Farmers who missed out reseeding fields in this year’s dry spring can still upgrade their pastures now by carrying out an autumn reseed.
“New swards that mainly consist of perennial ryegrass can produce more than 3t DM/ha more grass than old permanent pasture and are 25% more responsive to soil nutrients,” says
Dr Nicola Perry, weed biologist for Corteva Agriscience.
“Reseeding in September makes the most of high soil temperatures which allows the grasses to establish rapidly. However, weeds will also germinate quickly too.”
Broad-leaved weeds such as chickweed and buttercups, along with seedling docks compete strongly with the young grass for space, light, nutrients and water. Newly sown fields need to be monitored closely to check which weeds are emerging and to assess when to treat with herbicide.
“With the cost of a full reseed reaching up to £600/ha, reseeding is an investment in the future that will pay for itself in savings on bought feed within two years,” says Dr Perry. “But to achieve their full potential, the fields need to be clear of weeds.
“Envy, which is based on a combination of fluroxypyr and florasulam, controls a wide range of broad-leaved weeds and does not harm young grass. It is also much more cost effective to spray young docks in the autumn, than waiting until the spring when they have established a much deeper root system.”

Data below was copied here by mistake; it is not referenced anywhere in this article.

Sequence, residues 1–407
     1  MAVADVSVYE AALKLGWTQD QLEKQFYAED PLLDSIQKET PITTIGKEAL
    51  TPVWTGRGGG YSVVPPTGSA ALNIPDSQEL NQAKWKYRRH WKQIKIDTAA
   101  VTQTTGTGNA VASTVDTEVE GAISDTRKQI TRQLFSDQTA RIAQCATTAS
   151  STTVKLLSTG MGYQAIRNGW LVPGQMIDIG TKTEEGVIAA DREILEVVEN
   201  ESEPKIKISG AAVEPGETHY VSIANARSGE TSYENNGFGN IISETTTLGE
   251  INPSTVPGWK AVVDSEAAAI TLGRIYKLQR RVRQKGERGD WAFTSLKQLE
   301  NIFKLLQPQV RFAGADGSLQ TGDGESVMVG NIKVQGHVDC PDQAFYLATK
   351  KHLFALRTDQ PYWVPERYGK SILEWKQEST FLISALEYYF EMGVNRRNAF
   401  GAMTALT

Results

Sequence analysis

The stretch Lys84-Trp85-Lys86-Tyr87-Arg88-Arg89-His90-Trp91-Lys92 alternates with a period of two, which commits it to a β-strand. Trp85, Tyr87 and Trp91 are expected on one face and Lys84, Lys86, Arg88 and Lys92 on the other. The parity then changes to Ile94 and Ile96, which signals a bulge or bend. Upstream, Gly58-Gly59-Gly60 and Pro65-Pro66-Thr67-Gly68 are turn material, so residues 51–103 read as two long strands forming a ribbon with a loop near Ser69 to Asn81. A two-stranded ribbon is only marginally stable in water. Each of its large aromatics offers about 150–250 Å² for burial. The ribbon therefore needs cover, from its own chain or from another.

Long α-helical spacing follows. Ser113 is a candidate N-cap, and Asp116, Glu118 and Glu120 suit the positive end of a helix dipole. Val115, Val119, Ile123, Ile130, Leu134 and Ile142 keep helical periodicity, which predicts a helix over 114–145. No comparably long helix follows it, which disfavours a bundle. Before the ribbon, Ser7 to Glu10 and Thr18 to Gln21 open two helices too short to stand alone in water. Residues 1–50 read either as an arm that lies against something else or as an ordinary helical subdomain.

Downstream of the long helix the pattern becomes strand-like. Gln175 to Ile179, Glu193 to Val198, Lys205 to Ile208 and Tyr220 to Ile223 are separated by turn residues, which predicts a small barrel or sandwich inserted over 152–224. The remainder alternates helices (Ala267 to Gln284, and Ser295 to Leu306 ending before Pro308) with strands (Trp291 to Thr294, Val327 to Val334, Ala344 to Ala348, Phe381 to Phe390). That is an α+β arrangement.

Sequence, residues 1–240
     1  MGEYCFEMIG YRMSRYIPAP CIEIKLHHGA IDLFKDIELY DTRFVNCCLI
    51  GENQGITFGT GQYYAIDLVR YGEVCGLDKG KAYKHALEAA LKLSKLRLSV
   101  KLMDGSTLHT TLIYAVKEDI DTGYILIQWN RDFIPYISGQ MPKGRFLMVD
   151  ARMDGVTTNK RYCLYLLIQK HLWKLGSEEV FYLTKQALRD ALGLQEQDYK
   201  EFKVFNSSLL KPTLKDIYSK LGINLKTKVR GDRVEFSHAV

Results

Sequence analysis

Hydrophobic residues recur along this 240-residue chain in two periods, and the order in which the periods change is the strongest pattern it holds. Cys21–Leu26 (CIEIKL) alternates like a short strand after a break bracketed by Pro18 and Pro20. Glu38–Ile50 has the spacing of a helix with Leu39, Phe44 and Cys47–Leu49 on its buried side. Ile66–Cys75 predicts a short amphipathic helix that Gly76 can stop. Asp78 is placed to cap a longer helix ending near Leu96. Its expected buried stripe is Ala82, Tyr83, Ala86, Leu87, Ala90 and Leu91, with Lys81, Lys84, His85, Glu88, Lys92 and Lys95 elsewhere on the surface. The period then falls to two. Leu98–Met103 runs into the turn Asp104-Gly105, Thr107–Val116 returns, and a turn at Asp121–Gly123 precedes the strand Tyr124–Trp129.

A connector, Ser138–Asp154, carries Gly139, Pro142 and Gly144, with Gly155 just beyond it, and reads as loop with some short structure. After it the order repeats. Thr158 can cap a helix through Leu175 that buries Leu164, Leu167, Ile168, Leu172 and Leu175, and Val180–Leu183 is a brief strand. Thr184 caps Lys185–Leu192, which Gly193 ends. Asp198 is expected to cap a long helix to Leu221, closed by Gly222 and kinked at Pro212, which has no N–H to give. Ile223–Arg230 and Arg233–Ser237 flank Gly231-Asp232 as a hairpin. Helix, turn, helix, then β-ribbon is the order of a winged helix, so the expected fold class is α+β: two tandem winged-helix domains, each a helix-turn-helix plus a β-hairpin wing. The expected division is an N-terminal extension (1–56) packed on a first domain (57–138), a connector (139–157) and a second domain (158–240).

Envy can be applied as soon as the grass has three true leaves, at a rate of 1-1.5 litres/ha in 200 litres/ha of water and can be sprayed until the end of November. Envy also copes well with fluctuating diurnal temperatures typically found in late autumn but should be applied within two weeks of forecasted first frosts.
Livestock grazing the new sward to encourage the grass plants to tiller, must be removed for just seven days after spraying. If the ley has been excessively grazed, it is advisable to give the grass a chance to recover before spraying.